Having recently bought a house, project time has been a bit thin on the ground. As a standard terrace house, the consumer unit and electricity meter were in the entrance hallway, exposed and looking a bit naff. I liked the look of the meter so I quickly created a box that allowed the meter to poke through and leave access to the fuses.he box covering did the job but felt a bit cumbersome with all that spare space; it needed something else to give it more purpose. An energy meter was the obvious thing but I didn’t want a garish LCD or 7 segment display, it need to match the blown glass electricity meter… …nixie tubes!
I’ve wanted to use nixie tubes in a project for a long time – almost tempted by the bog-standard clock – so once I had the vision on this one I set about it in zero time! I’m afraid I didn’t design the driving circuit myself, instead I went for this very tidy Nixie Module. Working off 5V and SPI it is nice and quick to get a project off the ground. It is expensive but the build quality and time saved designing something else made it a worthy investment. An Arduino would be the microcontroller but I wanted the meter to provide some form of data stream for a web based energy history. To make it an IoT, I a paired ESP8266 with it. I used both together because the Arduino ADC has a better resolution and has been tried and tested.Considering the expense of the Nixie module and the irony of a high energy impact energy meter not lost on me (the tubes draw around 300mA each), I opted to use only two tubes; I was going to require SI notification anyway for full scale display. Handily, the tubes have colon points on the right-hand side (for clock use), which I designed as indicators for x10 and x1. With both SI units and x10 x1 decimals, one can display from 0 to 100MW – albeit with only 2 significant figures (considering the accuracy of a current transformer system like this, that isn’t a problem).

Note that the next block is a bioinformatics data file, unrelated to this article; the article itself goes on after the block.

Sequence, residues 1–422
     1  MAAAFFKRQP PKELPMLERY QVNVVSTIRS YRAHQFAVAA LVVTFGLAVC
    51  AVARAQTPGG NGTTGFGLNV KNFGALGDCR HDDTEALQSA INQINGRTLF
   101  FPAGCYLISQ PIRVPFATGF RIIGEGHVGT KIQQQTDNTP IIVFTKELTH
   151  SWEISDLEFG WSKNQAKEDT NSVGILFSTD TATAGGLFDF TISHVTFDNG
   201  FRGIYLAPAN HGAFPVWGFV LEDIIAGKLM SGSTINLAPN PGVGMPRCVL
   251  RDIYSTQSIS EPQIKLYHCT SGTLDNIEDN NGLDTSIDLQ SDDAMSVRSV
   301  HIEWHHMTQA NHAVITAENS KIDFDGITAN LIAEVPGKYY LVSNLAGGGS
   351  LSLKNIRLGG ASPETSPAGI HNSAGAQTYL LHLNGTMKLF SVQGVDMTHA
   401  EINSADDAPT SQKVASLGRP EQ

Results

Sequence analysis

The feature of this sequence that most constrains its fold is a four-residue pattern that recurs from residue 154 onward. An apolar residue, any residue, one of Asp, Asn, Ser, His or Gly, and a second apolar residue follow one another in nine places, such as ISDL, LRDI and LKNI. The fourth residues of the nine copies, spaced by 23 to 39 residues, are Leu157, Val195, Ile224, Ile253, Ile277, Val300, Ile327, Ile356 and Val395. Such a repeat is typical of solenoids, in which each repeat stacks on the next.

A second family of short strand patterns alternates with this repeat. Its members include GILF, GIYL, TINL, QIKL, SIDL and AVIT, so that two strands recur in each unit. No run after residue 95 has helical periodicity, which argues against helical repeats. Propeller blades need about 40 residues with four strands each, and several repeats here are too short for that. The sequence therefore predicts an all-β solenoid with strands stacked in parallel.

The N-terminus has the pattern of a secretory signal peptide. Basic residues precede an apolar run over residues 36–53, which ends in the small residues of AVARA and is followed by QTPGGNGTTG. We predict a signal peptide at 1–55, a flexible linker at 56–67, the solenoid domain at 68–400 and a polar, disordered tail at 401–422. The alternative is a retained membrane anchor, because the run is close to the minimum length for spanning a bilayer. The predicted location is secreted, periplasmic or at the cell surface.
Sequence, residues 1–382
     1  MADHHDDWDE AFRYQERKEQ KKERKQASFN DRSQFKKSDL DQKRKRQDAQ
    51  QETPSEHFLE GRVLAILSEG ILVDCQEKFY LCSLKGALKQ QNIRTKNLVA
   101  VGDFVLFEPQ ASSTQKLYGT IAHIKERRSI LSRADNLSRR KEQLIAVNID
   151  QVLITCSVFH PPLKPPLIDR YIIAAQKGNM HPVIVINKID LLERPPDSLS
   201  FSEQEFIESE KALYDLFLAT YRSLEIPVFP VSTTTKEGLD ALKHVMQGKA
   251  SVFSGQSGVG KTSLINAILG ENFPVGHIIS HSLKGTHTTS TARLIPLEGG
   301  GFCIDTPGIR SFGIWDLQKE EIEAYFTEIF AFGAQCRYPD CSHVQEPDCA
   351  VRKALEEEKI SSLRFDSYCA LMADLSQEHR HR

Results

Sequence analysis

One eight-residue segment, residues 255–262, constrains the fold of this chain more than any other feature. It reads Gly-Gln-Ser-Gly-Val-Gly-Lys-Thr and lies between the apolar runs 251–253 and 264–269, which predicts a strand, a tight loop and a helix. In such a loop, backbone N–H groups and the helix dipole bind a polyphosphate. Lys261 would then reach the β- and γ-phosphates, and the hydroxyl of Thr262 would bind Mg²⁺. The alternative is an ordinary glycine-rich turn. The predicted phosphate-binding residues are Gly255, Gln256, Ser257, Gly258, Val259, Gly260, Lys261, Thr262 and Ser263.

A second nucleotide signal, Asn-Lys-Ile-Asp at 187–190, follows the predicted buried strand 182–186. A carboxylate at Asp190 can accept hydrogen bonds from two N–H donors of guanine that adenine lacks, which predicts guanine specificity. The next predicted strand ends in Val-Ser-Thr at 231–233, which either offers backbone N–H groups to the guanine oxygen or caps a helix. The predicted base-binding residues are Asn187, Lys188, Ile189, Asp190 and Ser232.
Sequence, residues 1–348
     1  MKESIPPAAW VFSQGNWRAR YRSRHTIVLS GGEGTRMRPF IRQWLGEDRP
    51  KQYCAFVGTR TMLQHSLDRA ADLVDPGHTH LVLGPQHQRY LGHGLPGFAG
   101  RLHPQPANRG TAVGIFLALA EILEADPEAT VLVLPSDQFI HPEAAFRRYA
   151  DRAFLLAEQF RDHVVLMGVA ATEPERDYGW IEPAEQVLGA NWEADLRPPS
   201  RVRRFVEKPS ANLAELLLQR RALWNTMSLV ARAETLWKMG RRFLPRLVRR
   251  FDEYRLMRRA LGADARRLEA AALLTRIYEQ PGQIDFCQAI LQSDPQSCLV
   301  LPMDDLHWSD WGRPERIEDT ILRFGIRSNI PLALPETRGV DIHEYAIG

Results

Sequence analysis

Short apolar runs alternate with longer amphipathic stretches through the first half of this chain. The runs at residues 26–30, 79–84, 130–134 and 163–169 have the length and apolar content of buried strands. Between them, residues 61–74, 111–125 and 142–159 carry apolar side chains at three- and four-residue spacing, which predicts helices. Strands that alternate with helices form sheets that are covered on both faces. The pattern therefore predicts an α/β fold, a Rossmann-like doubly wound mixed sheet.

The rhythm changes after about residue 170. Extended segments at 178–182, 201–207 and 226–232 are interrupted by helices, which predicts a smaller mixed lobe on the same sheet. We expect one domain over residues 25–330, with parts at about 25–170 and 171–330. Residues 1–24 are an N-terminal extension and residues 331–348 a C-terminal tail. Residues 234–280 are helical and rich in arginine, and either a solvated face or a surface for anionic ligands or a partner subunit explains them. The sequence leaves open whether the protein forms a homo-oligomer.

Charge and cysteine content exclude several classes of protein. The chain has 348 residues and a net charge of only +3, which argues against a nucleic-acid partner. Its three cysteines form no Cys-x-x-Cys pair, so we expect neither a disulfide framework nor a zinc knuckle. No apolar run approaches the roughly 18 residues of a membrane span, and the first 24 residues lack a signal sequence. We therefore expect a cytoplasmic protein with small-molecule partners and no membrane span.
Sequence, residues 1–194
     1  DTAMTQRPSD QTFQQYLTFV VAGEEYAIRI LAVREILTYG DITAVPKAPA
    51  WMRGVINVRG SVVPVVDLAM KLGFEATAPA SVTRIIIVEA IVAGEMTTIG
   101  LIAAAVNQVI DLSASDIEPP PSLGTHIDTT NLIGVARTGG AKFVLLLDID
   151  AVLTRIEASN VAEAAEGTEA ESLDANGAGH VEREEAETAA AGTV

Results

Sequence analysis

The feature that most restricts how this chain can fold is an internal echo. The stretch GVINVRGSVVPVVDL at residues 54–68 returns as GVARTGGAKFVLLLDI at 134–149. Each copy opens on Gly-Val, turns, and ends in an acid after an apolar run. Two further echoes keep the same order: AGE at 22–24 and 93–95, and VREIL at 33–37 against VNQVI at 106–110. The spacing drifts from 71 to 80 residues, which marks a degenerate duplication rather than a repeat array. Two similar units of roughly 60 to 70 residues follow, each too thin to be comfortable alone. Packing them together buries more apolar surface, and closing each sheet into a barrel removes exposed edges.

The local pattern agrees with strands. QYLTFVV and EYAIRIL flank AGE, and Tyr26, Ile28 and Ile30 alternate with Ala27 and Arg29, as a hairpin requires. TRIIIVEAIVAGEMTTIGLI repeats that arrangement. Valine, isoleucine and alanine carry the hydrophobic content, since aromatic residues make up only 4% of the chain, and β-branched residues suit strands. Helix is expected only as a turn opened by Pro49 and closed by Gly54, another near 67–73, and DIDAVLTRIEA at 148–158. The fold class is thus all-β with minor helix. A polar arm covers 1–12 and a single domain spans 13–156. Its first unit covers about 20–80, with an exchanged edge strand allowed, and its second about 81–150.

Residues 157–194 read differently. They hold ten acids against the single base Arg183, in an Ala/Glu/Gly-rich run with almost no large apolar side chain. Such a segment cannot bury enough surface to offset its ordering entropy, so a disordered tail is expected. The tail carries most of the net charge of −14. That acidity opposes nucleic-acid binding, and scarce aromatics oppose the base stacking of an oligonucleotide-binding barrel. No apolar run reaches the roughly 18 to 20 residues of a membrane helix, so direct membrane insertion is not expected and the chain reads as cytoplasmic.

For more detail: Nixie Tube Energy Meter